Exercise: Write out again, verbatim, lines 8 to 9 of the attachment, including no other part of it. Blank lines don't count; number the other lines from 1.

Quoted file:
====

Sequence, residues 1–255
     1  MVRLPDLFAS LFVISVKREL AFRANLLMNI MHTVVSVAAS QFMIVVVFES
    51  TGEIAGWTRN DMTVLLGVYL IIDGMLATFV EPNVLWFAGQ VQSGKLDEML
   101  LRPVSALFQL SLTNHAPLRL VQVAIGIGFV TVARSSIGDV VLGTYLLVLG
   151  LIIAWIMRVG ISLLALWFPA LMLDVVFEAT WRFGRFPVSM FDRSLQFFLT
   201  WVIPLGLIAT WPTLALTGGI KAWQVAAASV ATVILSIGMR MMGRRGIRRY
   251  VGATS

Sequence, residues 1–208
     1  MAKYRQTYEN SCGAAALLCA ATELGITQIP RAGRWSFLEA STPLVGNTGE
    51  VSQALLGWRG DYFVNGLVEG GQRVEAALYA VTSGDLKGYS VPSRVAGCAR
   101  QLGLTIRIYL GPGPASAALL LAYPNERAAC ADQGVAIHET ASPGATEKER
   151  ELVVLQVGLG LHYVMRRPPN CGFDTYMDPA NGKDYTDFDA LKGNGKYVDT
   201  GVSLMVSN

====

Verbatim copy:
Sequence, residues 1–208
     1  MAKYRQTYEN SCGAAALLCA ATELGITQIP RAGRWSFLEA STPLVGNTGE